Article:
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In our case, an important component of the NLP pipeline is vectorization. What is vectorization? Word Embeddings or Word vectorization is a methodology in NLP to map words or phrases from vocabulary to a corresponding vector of real numbers which is used to find word predictions, word similarities/semantics. The process of converting words into numbers are called Vectorization³. The advantage of vectorization for the user is that you don’t have to know the specific search term to find the relevant information you want. At Brainial we use text similarity search for simplicity reasons and the fact that we are able to extend vector search with exact string matching in order to search on the exact search input of the user.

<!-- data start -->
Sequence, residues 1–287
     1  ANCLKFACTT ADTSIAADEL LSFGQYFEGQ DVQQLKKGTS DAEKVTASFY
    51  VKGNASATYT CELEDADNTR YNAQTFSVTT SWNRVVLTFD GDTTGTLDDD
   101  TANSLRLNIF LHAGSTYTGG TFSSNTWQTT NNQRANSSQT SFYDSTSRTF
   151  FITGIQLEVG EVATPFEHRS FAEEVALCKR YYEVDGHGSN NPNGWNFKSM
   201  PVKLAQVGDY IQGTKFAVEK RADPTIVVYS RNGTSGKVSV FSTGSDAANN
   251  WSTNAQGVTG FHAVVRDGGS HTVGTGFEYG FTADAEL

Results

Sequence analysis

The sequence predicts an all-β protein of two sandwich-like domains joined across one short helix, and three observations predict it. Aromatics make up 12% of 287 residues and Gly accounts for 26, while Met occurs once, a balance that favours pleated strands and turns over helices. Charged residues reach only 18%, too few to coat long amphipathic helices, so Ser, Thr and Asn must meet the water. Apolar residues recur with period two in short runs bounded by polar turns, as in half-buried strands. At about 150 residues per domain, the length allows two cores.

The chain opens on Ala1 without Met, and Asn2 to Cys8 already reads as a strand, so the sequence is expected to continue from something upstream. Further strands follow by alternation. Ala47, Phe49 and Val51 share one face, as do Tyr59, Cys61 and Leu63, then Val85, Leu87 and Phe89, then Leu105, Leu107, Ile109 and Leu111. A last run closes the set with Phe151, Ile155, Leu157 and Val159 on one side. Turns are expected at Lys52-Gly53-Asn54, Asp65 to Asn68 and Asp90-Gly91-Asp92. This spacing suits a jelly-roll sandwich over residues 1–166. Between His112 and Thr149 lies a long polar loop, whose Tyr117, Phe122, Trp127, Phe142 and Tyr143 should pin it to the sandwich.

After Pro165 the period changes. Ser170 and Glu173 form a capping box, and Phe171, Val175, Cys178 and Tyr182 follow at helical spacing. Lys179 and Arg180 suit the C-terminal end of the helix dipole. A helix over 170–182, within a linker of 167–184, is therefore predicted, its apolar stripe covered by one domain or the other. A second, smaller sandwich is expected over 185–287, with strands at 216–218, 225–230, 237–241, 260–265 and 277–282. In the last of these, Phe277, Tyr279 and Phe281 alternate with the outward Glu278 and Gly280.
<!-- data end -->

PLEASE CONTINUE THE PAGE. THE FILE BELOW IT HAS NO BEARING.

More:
So how do we help? With the Brainial solution, users are able to instantly find any information they want by using so-called “Smart Search” (vector search) or exact search. Search results can be filtered on categories, documents, document types, tags, tasks, etc. because we categorize, label and classify the tender data during the initial analysis as part of the NLP pipeline activities. Stop wasting time and stop bothering your colleagues with asking where to find information. Start exploring the Brainial Smart Search functionality by requesting a demo.


  1. Verspoor, K., & Cohen, K. B. (2013). Natural Language Processing. Encyclopedia of Systems Biology, 1495–1498.
  2. Jain, A., Kulkarni, G., & Shah, V. (2018). Natural Language Processing. International Journal of Computer Sciences and Engineering, 6(1), 161–167.
  3. Towards Data Science, 2019,